Furthermore, there are records in the provost's office, but who has access to them, Hofmeister asked.

Records are kept of procedures of formal complaints but not of informal complaints, according to the guide. The Office of the Provost keeps a record of formal complaints against employees, the COD, and the Office of the Dean for Undergraduate Education and Student Affairs keeps records of formal complaints, and the Campus Police keep separate records of complaints brought to them. The special assistants to the president, who only handle informal complaints, keep statistics as well.

Length an issue

Some critics have said that the guide is too long. But, "in earlier versions of the book people were curious of their own options and the options of the other people involved," Keyser said. By including the perspectives of the four involved parties, "It was hard to keep the volume short," he said.

There is a three-page "Quick Guide" in the front of the book, which gives a short description of the available options, he said.

Hofmeister was not upset by the length of the book. Still, the guide "goes on at length explaining the obvious -- the direct approach is something we're all aware of," he said. The manual combines "how to have effective human relations with how harassment complaints will be processed," he said.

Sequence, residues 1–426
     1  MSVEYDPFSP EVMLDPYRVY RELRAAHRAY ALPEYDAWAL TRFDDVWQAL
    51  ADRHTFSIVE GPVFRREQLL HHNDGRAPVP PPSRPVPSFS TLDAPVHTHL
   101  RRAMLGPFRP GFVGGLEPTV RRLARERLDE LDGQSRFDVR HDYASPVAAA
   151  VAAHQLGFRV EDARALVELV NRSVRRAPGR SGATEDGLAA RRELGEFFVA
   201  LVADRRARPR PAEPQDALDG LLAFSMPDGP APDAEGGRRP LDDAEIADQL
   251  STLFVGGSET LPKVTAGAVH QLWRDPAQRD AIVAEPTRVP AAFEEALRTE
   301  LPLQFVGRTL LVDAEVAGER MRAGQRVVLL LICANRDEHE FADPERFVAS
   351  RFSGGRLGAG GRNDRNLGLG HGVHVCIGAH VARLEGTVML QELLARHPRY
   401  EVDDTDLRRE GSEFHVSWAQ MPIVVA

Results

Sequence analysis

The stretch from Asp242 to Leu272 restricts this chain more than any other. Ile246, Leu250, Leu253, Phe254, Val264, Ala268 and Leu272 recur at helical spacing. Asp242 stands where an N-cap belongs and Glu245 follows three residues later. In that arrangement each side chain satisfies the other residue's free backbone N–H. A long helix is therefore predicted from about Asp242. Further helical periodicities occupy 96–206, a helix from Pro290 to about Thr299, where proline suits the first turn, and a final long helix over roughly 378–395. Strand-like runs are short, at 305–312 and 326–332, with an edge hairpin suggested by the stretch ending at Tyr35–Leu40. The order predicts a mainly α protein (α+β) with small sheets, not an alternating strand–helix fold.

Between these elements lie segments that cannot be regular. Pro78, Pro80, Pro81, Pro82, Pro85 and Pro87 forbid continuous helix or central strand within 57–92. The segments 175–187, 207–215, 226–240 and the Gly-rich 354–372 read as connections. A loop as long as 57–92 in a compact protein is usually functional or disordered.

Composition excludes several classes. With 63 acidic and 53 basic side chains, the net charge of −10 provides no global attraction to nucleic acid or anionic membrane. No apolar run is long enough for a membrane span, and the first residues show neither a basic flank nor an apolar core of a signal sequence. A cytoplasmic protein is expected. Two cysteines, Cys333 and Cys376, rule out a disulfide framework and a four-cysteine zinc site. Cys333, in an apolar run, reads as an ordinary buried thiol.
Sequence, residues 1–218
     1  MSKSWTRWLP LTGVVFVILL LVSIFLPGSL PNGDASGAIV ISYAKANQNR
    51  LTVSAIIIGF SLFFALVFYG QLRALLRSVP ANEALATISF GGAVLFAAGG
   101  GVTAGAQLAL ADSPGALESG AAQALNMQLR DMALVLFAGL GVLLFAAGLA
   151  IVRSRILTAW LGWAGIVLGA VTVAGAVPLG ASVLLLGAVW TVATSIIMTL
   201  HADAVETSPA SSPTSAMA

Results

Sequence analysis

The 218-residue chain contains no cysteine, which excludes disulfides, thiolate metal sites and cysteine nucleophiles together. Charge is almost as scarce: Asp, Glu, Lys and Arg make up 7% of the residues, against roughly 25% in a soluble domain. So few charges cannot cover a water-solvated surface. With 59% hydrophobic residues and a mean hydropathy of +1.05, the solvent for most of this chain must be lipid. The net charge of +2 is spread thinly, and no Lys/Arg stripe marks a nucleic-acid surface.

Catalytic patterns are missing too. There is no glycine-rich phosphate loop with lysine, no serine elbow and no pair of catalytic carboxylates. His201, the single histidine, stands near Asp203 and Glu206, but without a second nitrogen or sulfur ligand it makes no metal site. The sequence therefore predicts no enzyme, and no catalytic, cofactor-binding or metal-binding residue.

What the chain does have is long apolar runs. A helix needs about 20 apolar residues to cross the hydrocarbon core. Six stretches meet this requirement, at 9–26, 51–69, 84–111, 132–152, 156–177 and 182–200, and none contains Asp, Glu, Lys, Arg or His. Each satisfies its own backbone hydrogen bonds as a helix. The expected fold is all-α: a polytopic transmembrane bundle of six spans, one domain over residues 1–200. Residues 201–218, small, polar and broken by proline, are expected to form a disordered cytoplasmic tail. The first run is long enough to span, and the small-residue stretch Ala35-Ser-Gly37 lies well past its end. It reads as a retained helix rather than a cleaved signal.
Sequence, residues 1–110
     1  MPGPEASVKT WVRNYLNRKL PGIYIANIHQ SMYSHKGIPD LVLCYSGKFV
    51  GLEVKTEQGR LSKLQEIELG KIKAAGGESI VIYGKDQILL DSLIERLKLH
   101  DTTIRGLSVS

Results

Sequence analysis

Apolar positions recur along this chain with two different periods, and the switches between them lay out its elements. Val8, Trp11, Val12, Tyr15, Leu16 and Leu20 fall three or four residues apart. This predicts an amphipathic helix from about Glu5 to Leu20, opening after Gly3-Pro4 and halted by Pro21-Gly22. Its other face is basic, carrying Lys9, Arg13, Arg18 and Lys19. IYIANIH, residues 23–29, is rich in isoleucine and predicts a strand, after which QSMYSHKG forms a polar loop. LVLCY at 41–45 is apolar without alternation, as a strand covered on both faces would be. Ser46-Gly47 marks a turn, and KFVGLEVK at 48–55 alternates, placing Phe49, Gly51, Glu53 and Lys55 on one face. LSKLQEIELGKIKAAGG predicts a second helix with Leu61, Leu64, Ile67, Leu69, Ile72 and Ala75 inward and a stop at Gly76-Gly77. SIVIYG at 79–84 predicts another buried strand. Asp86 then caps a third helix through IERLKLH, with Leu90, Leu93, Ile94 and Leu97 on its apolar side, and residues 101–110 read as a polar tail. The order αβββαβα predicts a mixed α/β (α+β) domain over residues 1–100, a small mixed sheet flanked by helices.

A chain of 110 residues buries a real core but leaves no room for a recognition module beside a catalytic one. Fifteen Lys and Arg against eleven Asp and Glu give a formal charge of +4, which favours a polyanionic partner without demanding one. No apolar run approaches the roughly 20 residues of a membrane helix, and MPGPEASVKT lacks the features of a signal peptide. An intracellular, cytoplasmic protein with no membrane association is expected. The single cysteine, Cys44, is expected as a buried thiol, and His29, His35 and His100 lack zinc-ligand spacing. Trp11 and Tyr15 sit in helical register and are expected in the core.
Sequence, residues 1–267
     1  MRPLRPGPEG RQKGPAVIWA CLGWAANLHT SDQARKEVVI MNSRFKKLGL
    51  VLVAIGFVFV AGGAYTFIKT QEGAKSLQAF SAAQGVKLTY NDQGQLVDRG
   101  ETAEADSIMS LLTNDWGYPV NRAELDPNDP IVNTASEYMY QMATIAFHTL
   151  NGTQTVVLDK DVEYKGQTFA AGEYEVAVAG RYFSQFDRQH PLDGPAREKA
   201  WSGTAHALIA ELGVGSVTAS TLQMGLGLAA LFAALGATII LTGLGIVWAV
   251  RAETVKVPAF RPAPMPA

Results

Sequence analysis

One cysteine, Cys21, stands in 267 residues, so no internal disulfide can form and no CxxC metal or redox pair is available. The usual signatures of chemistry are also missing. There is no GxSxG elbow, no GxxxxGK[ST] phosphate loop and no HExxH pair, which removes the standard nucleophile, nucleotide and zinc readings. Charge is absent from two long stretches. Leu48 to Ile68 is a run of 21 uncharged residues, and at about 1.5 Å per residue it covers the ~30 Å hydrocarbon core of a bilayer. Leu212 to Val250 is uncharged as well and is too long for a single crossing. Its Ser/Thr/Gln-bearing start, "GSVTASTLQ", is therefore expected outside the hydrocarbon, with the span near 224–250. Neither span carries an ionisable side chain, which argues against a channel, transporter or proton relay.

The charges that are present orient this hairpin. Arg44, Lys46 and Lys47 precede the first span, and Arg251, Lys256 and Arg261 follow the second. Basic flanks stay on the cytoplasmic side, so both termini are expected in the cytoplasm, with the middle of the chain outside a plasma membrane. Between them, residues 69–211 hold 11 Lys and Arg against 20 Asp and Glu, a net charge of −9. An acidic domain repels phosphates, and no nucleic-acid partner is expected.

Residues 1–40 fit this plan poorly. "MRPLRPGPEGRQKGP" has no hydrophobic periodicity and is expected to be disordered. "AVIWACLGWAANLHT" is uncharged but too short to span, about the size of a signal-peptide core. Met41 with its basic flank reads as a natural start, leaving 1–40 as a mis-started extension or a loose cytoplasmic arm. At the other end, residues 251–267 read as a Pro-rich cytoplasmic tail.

"My personal hope is that the community will give this system a chance to work,"Keyser said. "In a certain sense, we are in a fortunate position because all of the parties in our community share the same goal, and what we are really arguing about is the way to achieve it," he said. This problem is easier to solve than if we had different goals, he said.

Other people who contributed to the guide included: Associate Dean of the Graduate School Isaac M. Colbert, Associate Dean for Residence and Campus Activities Andrew M. Eisenmann '75, Margaret A. Gray of the Personnel Office, Assistant Dean for Resident and Campus Activities Mary E. Ni '84, and Mary P. Rowe, special assistant to the president.

In addition to the guide, a training video for complaint handlers was developed. The video consists of a three-hour session where Institute complaint handlers discuss how to deal with complaints that arise. "It's intended as a vehicle for discussing the kinds of issues that might arise when someone brings a complaint," Keyser said.